2007 ORS 161.725¹
Standards for sentencing of dangerous offenders

(1) Subject to the provisions of ORS 161.737 (Sentence imposed on dangerous offender as departure from sentencing guidelines), the maximum term of an indeterminate sentence of imprisonment for a dangerous offender is 30 years, if because of the dangerousness of the defendant an extended period of confined correctional treatment or custody is required for the protection of the public and one or more of the following grounds exist:

(a) The defendant is being sentenced for a Class A felony and the defendant is suffering from a severe personality disorder indicating a propensity toward crimes that seriously endanger the life or safety of another.

(b) The defendant is being sentenced for a felony that seriously endangered the life or safety of another, the defendant has been previously convicted of a felony not related to the instant crime as a single criminal episode and the defendant is suffering from a severe personality disorder indicating a propensity toward crimes that seriously endanger the life or safety of another.

(c) The defendant is being sentenced for a felony that seriously endangered the life or safety of another, the defendant has previously engaged in unlawful conduct not related to the instant crime as a single criminal episode that seriously endangered the life or safety of another and the defendant is suffering from a severe personality disorder indicating a propensity toward crimes that seriously endanger the life or safety of another.

(2) As used in this section, "previously convicted of a felony" means:

(a) Previous conviction of a felony in a court of this state;

(b) Previous conviction in a court of the United States, other than a court-martial, of an offense which at the time of conviction of the offense was and at the time of conviction of the instant crime is punishable under the laws of the United States by death or by imprisonment in a penitentiary, prison or similar institution for a term of one year or more; or

(c) Previous conviction by a general court-martial of the United States or in a court of any other state or territory of the United States, or of the Commonwealth of Puerto Rico, of an offense which at the time of conviction of the offense was punishable by death or by imprisonment in a penitentiary, prison or similar institution for a term of one year or more and which offense also at the time of conviction of the instant crime would have been a felony if committed in this state.

(3) As used in this section, "previous conviction of a felony" does not include:

(a) An offense committed when the defendant was less than 16 years of age;

(b) A conviction rendered after the commission of the instant crime;

(c) A conviction that is the defendant’s most recent conviction described in subsection (2) of this section, and the defendant was finally and unconditionally discharged from all resulting imprisonment, probation or parole more than seven years before the commission of the instant crime; or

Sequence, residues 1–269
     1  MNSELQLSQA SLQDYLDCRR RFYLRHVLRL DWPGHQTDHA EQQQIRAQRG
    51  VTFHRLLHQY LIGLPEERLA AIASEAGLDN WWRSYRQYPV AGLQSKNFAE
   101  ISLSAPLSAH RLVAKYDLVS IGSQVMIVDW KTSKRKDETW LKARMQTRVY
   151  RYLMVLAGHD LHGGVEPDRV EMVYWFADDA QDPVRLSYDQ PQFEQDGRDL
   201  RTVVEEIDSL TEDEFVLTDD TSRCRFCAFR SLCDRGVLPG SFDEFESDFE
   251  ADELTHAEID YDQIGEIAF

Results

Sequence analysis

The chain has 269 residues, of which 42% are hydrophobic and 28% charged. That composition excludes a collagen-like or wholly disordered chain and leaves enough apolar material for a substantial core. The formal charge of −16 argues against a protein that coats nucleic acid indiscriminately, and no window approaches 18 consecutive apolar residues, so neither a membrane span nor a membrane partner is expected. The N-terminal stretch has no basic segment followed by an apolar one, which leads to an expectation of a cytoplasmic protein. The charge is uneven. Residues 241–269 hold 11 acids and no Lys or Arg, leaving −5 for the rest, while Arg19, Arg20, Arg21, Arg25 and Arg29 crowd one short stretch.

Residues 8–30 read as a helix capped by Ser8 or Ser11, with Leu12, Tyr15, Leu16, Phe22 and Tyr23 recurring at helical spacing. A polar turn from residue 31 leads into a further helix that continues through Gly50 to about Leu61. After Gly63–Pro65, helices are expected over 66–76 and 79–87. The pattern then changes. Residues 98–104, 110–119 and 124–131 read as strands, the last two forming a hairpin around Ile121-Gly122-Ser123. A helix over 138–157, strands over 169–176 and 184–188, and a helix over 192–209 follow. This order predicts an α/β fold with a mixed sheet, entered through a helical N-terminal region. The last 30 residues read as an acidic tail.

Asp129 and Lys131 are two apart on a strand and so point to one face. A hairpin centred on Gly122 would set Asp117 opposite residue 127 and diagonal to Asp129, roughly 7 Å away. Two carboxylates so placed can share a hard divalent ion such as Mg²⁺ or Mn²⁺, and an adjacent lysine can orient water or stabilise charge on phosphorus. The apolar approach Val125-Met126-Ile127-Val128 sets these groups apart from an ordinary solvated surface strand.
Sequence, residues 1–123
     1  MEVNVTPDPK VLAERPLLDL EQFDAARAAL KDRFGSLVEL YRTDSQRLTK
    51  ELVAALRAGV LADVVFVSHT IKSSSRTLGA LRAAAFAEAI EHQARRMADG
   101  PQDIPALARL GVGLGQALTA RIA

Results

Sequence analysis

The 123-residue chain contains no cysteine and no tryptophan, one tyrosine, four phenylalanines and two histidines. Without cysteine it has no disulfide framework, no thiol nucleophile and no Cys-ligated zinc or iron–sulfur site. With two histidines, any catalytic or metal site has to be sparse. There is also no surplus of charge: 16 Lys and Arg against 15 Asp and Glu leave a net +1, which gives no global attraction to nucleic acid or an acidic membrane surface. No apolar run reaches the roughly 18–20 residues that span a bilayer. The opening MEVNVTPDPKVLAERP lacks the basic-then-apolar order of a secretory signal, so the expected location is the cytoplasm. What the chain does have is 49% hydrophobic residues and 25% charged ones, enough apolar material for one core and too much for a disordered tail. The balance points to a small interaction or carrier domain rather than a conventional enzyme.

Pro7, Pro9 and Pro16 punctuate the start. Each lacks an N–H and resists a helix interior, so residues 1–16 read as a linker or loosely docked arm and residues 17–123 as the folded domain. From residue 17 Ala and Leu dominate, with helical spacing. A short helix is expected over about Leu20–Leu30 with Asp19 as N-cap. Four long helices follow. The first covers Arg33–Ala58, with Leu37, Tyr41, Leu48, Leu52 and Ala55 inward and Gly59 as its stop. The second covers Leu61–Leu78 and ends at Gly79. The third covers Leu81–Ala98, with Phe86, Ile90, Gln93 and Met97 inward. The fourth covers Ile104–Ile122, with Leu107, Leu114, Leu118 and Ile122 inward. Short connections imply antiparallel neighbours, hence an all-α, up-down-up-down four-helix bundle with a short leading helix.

(d) A conviction that was by court-martial of an offense denounced only by military law and triable only by court-martial.

(4) As used in this section, "conviction" means an adjudication of guilt upon a plea, verdict or finding in a criminal proceeding in a court of competent jurisdiction, but does not include an adjudication which has been expunged by pardon, reversed, set aside or otherwise rendered nugatory. [1971 c.743 §85; 1989 c.790 §75; 1993 c.334 §5; 2005 c.463 §§9,14; 2007 c.16 §4]

Notes of Decisions

Under Former Similar Statutes (ORS 137.111 to 137.115)

Procedures for sen­ten­cing did not amount to a denial of equal protec­tion because they were different from the mental commit­ment pro­ce­dures. DeBolt v. Cupp, 19 Or App 545, 528 P2d 601 (1974), Sup Ct review denied

In General

Since this sec­tion does not require proof beyond reasonable doubt of dangerous offender status, evidence that defendant entertained sexual fantasies of rape, and that he had prior con­vic­­tions for forcible sex of­fenses, was sufficient to show that he was "suffering from severe per­sonality disorder indicating propensity toward crim­i­nal ac­tivity." State v. Sanders, 35 Or App 503, 582 P2d 22 (1978), Sup Ct review denied

This sec­tion does not conflict with ORS 426.675 (Determination of sexually dangerous persons) because it provides for magnified sen­tence of incarcera­tion for dangerous offender as means of preventing individual from inflicting future harm, while ORS 426.675 (Determination of sexually dangerous persons) authorizes treat­ment program for sexually dangerous per­son during incarcera­tion. State v. Sanders, 35 Or App 503, 582 P2d 22 (1978), Sup Ct review denied

Legislative intent of this sec­tion was not that first offender receive enhanced penalty because accomplice had pre­vi­ously been convicted. State v. Hicks, 38 Or App 97, 589 P2d 1130 (1979)

It was proper for trial court to apply this sec­tion to extend max­i­mum period of commit­ment of defendant to jurisdic­tion of Psychiatric Security Review Board. State v. Carrol, 54 Or App 445, 635 P2d 17 (1981), Sup Ct review denied

Whether felony for which defendant is being sen­tenced seriously endangered the life or safety of an­oth­er is determined by actual circumstances, not ele­ments defining felony. State v. Allen, 68 Or App 5, 680 P2d 997 (1984), Sup Ct review denied

Argu­ment by defendant that trial court lacked authority to impose min­i­mum sen­tence after sen­ten­cing him as dangerous offender under this sec­tion was without merit. State v. Downs, 69 Or App 556, 686 P2d 1041 (1984)

Where sen­tence imposed under this sec­tion is for felony con­vic­­tion, ORS 144.110 (Restriction on parole of persons sentenced to minimum terms) allows imposi­tion of min­i­mum term of im­pris­on­­ment. State v. Turner, 296 Or 451, 676 P2d 873 (1984)

Whether defendant is suffering from "severe per­sonality disorder indicating a propensity toward crim­i­nal ac­tivity" is determina­tion to be made by court upon considera­tion of psychiatric report, presen­tence report and evidence in case or that presented at presen­tence hearing. State v. Huntley, 302 Or 418, 730 P2d 418 (1986)